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Daily Financial News Analysis – 21st Dec’20 – Free PDF Download

 

Laying the foundation for faster growth

  • In recent memory this is the first economic crisis that has been triggered by a non-economic factor.
  • In Q1, the economy declined by 23.9%; it declined by 7.5% in Q2
  • At the dawn of the New Year 2021, several questions rise in our mind.
  1. How bad was the performance of the Indian economy in 2020-21?
  2. What are the prospects for 2021-22?
  3. What should the stance of monetary policy be in the coming months?
  4. What should the Budget to be presented by the central government in February 2021 focus on?
  5. Will the global environment for trade and investment improve and help India?
  6. What should be the medium-term focus including the role of reforms be?
  • We now know the GDP numbers for the first half of 2020-21.
  • Reductions in the first half of GDP at 2011-12 prices in 2020-21 as compared to the first half of 2019-20 is ₹11,15,879 crore which is 7.66% of the 2019-20 GDP.
  • If the Indian economy at least maintains the second half GDP in 2020-21 at the level of the previous year, the full year contraction can be limited to about 7.7%.
  • Our estimate (by D.K. Srivastava and C. Rangarajan) is that if there is an increase in GDP at least in Q4 if not in Q3, the overall contraction in 2020-21 can be be limited to the range of 6% to 7%.
  • This of course would require a substantial pick up in government expenditure.
  • GST, Coal output, Steel, Cement & positive growth in manufacturing in October 2020 which point to better performance of the private sector.
  • Of course, some segments of the economy such as the hospitality sector will take time to recover.
  • To compensate for the losses of 2020-21, the Indian economy has to grow at 8% in 2021-22
  • The two years taken together cancel each other.
  • Some sectors can act as lead sectors or engines of growth.
  • This is where increased government capital expenditures become relevant.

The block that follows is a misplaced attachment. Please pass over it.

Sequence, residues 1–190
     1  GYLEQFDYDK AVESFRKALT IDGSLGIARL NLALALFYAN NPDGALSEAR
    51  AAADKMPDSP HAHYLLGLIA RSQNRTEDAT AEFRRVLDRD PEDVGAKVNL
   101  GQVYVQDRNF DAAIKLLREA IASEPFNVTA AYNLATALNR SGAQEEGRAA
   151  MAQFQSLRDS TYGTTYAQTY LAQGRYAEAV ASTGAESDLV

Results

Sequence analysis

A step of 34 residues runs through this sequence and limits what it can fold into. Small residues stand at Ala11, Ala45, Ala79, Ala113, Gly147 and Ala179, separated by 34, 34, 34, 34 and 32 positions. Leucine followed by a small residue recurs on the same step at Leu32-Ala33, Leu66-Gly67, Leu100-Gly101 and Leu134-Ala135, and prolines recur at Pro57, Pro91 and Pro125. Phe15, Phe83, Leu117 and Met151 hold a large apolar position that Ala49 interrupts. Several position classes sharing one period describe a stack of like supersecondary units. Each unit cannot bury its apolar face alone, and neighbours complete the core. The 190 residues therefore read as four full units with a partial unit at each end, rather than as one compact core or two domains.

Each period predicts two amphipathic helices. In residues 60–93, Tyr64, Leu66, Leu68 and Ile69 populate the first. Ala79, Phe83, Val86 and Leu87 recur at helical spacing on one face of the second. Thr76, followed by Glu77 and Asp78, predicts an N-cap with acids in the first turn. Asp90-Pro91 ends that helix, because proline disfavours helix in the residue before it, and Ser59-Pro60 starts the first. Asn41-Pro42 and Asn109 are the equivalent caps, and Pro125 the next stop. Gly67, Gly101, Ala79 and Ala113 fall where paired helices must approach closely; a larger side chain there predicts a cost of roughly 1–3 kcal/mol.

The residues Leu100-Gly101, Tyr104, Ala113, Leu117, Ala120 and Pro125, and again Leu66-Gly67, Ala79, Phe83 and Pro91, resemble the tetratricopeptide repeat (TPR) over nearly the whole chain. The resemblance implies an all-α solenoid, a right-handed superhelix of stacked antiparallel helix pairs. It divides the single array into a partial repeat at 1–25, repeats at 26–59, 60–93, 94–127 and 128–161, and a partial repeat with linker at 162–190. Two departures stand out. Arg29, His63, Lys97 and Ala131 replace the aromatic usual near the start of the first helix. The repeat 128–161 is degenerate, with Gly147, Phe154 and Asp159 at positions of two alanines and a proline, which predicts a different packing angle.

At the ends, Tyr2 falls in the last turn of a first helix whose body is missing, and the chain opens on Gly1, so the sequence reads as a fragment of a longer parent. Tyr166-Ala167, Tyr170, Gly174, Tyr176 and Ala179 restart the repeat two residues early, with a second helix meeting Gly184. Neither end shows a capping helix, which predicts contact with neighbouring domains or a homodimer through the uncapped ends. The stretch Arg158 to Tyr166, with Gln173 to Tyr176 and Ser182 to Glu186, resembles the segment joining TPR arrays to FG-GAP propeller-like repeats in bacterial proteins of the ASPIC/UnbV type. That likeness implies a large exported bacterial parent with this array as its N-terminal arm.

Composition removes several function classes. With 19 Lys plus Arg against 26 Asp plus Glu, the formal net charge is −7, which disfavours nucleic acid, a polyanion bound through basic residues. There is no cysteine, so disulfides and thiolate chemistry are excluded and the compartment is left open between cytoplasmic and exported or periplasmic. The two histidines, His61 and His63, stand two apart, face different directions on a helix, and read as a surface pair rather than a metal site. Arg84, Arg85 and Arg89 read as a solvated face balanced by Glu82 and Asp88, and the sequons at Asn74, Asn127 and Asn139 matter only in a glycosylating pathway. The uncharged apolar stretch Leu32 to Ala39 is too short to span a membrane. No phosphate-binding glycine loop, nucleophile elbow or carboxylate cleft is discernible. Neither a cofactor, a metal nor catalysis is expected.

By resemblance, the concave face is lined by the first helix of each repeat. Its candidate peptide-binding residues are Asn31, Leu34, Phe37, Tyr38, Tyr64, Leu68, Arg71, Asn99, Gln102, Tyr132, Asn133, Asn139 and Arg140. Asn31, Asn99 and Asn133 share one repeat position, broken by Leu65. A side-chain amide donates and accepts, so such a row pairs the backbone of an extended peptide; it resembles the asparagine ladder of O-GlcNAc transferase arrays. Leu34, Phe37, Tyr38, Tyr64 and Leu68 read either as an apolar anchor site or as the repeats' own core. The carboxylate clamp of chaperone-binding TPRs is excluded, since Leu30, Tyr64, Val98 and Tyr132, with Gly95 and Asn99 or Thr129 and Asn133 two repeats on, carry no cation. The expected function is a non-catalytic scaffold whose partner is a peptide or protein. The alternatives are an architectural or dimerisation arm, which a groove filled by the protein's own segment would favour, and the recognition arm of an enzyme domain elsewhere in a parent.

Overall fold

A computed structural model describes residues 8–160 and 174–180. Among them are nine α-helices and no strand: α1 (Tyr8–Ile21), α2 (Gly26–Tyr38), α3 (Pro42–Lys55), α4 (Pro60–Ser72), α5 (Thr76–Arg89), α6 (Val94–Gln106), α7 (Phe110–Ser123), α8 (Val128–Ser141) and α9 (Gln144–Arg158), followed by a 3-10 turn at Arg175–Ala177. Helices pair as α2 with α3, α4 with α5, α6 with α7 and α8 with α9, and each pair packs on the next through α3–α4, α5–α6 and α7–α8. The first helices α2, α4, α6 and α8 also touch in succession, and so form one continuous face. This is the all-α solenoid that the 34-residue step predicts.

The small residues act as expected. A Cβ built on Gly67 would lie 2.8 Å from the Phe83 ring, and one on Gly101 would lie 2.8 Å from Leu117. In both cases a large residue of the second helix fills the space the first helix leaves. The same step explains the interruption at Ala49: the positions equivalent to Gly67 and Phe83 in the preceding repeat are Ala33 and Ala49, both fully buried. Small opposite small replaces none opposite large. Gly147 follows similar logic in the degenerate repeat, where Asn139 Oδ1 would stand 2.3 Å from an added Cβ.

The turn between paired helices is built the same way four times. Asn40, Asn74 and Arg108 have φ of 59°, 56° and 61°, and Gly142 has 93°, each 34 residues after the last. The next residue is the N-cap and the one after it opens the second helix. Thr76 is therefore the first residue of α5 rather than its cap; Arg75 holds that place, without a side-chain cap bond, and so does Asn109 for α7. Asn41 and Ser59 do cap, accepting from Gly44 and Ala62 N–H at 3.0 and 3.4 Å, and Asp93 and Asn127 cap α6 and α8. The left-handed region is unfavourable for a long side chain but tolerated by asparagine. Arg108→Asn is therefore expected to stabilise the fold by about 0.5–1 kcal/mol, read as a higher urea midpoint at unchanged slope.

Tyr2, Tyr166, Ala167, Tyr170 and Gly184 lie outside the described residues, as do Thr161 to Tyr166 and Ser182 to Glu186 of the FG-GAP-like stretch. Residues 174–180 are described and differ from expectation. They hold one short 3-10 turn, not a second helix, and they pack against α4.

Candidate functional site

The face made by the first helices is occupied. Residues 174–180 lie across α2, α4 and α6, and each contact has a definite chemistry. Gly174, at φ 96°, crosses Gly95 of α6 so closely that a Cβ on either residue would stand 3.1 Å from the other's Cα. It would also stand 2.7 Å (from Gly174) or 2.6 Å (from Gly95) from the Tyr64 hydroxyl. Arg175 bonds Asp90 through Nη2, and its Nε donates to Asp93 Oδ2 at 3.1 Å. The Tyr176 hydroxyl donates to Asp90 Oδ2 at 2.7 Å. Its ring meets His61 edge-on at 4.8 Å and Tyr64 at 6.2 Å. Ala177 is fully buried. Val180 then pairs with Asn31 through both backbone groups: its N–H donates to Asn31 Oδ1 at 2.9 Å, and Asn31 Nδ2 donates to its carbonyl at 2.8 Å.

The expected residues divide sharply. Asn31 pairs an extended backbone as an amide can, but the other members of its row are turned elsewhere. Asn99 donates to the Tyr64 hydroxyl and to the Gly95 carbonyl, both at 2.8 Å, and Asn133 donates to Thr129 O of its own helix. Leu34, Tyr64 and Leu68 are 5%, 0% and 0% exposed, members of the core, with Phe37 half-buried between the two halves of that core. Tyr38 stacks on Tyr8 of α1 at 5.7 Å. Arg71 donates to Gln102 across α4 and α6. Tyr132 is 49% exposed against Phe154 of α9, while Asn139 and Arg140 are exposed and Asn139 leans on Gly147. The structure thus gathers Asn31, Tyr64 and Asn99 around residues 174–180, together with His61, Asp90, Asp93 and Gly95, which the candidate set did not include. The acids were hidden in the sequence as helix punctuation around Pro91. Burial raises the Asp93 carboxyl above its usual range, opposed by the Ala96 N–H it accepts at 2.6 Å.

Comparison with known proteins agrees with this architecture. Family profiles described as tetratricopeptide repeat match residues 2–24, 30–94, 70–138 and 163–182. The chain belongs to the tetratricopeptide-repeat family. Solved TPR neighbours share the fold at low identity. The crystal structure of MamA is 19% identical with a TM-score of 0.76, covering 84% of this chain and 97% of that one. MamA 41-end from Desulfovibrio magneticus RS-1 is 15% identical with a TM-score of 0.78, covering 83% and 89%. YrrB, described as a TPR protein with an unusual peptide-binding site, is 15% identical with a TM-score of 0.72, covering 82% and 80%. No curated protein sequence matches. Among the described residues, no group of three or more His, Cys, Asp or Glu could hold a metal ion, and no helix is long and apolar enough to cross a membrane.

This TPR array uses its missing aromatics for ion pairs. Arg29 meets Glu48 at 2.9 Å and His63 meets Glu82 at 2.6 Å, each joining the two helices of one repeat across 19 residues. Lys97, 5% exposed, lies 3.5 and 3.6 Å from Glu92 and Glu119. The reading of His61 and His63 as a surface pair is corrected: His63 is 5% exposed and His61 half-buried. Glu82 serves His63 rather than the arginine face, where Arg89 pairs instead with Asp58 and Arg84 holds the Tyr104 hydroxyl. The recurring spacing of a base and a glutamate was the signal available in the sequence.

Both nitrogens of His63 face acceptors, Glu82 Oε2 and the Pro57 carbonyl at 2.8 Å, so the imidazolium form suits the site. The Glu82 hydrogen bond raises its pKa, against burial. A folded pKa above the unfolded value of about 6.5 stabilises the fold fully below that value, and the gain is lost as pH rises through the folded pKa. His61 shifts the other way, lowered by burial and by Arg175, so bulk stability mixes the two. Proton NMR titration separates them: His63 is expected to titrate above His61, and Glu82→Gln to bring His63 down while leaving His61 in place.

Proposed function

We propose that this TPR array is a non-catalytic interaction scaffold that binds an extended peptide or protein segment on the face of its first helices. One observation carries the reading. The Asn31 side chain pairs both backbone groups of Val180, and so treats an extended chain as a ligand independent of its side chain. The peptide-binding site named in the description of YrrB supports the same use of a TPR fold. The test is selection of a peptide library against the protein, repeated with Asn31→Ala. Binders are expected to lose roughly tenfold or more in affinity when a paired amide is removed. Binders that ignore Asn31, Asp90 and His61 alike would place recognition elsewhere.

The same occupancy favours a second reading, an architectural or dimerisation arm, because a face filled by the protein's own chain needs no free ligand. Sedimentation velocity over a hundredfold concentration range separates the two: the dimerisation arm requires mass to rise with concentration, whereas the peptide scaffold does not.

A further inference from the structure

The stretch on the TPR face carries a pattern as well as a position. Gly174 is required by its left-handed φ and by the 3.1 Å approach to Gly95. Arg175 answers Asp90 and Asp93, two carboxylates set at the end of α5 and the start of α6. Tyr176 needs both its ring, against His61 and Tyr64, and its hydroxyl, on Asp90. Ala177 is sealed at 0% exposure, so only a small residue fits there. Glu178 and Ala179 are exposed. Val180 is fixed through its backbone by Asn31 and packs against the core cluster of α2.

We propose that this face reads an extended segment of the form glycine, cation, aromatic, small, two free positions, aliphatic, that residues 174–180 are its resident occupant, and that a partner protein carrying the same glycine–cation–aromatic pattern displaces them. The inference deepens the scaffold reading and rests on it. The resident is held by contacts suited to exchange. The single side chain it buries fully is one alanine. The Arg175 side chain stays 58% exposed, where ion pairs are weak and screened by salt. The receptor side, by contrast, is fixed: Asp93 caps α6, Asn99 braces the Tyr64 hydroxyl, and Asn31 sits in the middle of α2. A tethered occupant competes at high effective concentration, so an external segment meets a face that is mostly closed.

• The global environment for trade and growth is an uncertain factor.
  • The attitude to trade must also change.
  • A strong surge in our exports will greatly facilitate growth.
  • Growth must not only be consumption driven but also investment driven.
  • The stance of monetary policy in 2020-21 has been extremely accommodative.
  1. A reduction in interest rate through changes in policy rate
  2. Providing liquidity through various measures
  3. Regulatory changes such as moratorium
  • Government expenditures play a key role in a situation such as the one we are facing.
  • The performance of the sector “Public Administration, Defence, and other services” which is subject to policy intervention is disappointing.
  • In the second quarter of 2020-21, there was a contraction of this sector by 12.2%.
  • In 2021-22, government revenues should pick up with the rise in GDP.
  • The process of bringing down the fiscal deficit must also start.
  • What is required is a sharp increase in government capital expenditures which can act as a stimulus for growth.
  • Some of the recent measures including corporate tax rate changes may help in augmenting investment.
  • The National Infrastructure Pipeline is a good initiative.
  • We must also remind ourselves that the climate for investment is also influenced by non-economic factors of which social cohesion is most important.
  • The Indian economy in 2019 was at around $2.7 trillion.